This story, “Five years after Common Core, a mysterious spike in failure rate among NY high school students, was produced by The Hechinger Report, a nonprofit, independent news organization focused on inequality and innovation in education and based at Teachers College, Columbia University.

Back in 2013, when New York was one of the first states in the nation to adopt Common Core standards and administer tougher tests, children’s test scores initially plummeted. Then, as teachers had time to develop lesson plans and adjust to new curricula, student performance began to improve. A similar pattern seemed to be emerging among the state’s high school students, who are required to pass a series of exams, called Regents, to earn a diploma. After an initial drop in pass rates among eighth and ninth graders on a Common Core algebra exam in 2014-15, scores improved.

But now, after five years of high schools teaching to the Common Core standards (now slightly revamped and called Next Generation Learning Standards in New York), there’s a sudden spike in the high-school failure rate. More than 13,000 more students failed the algebra Regents exam in the most recent 2017-18 school year compared to the previous year, pushing the failure rate up from 25 percent to 30 percent, according to a December 2018 report by education policy consultant David Rubel. In the English Language Arts or reading exam, the number of failing students grew by more than 12,000 students, increasing the failure rate from 16 percent to 21 percent.

“It’s odd that there would be a decline at this point,” said Morgan Polikoff, a professor at the University of Southern California’s school of education and an expert in assessments.  “Most often the trend is that a new exam is implemented, there’s a ‘dip’ in performance. I don’t like calling it a dip because it’s a different test so it’s not really comparable. And then scores gradually increase over time.”

It’s unclear whether New York is an anomaly or whether other states with raised standards may soon experience a similar deterioration among older students. In California, scores dipped among 11th graders in the spring of 2018, four years after the introduction of Common Core aligned exams. Meanwhile, younger grades continued to post progress.

Some analysts have suggested that California’s high schoolers didn’t try hard on the exam because the scores didn’t matter for grades or college. But in New York, the exams are necessary for high school graduation. The question is why more students are struggling now.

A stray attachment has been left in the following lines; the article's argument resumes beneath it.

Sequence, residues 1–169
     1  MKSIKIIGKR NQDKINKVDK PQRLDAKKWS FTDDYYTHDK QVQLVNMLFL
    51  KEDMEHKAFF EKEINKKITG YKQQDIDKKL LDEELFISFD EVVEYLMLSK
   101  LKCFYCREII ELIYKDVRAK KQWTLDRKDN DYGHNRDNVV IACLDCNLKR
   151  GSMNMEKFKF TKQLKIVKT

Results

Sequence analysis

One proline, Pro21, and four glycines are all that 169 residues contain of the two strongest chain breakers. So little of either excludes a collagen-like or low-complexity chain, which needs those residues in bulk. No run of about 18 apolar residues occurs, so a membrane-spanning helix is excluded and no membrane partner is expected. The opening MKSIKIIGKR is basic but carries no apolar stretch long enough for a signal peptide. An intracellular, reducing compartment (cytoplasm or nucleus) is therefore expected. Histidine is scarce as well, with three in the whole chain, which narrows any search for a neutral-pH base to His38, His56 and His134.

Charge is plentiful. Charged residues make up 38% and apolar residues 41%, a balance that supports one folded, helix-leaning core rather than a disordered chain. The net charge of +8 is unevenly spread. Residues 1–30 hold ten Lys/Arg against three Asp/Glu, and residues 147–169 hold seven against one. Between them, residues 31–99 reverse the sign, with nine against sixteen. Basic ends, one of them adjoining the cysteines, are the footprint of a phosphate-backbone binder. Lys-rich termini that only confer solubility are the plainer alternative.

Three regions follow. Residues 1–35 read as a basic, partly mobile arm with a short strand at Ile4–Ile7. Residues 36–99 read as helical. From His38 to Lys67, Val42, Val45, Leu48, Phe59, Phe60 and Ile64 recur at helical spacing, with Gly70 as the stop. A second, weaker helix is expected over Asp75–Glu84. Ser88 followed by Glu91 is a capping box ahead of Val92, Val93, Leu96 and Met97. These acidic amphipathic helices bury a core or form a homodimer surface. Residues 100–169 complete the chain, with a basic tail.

Part of the answer might be small shifts in the high school population. Even if Common Core approaches are superior and teachers have mastered the new material, average scores could fall and the failure rate could rise when the share of low-performing students increases.

In New York, the number of “English Language Learners” in high school has been growing, according to Rubel. That’s a designation given to recent immigrants who don’t speak English fluently, and, historically, they tend to score below average. Indeed, 60 percent of English Language Learners failed the algebra Regents and 63 percent failed the ELA or reading Regents in 2017-18. English Language Learners accounted for 3,000 of the 13,000 additional students who failed the algebra test in 2017-18. But demographic changes don’t seem to explain why the other 10,000 kids failed.

These test results are pointing out that some students are having greater trouble learning the material than they used to. One hypothesis suggested by USC’s Polikoff is that low-achieving kids who were introduced to Common Core standards midway through their educational life might have been harmed in the sometimes rocky transition. The high school students who took the Regents last year were in third, fourth and fifth grades when Common Core was first introduced to them. Those are critical years to learn and master multiplication, division and fractions. Average and high-performing kids were able to cope with the new approaches.

“There’s pretty decent evidence that low performers didn’t do great in the transition to Common Core.” said Polikoff. “Common Core is more conceptual with math. If you don’t have the basics down, and the teacher is teaching in ways that seem more confusing, you could be worse off.”

Low-achieving children who are exposed to Common Core instruction from the start in kindergarten may test better in high school in the years to come. Perhaps this problem will be a transitional one that will work itself through the system in the next five years.

But Rubel argues that low-achieving students may continue to need more support with Common Core, especially students with disabilities and English Language Learners. He reasons  it would be straightforward to target extra support and tutoring to high school students who obtain the lowest “1” score on their eighth-grade state assessments, indicating that the child is not on track to be college ready.

“On day one, in ninth grade, every high school knows exactly how many students aren’t going to pass,” said Rubel. “You have a prediction system in place. Are we doing everything we can to give the kids who are behind the extra support they need?”

New York is one of a dozen states to require students to pass exit exams to graduate from high school. This past year’s class of 2018 was the first group of seniors who had to take the Common Core version of the algebra exam. (Previous classes had the option to take an earlier version of the math test.) A big question is whether the spike in Regents exam failures will translate into a first drop in the state’s graduation rate in 17 years. Those figures are expected to be released later in January 2019. But Rubel predicts that new graduation options, and a looser appeals system for students who fail, will keep the graduation rate steady.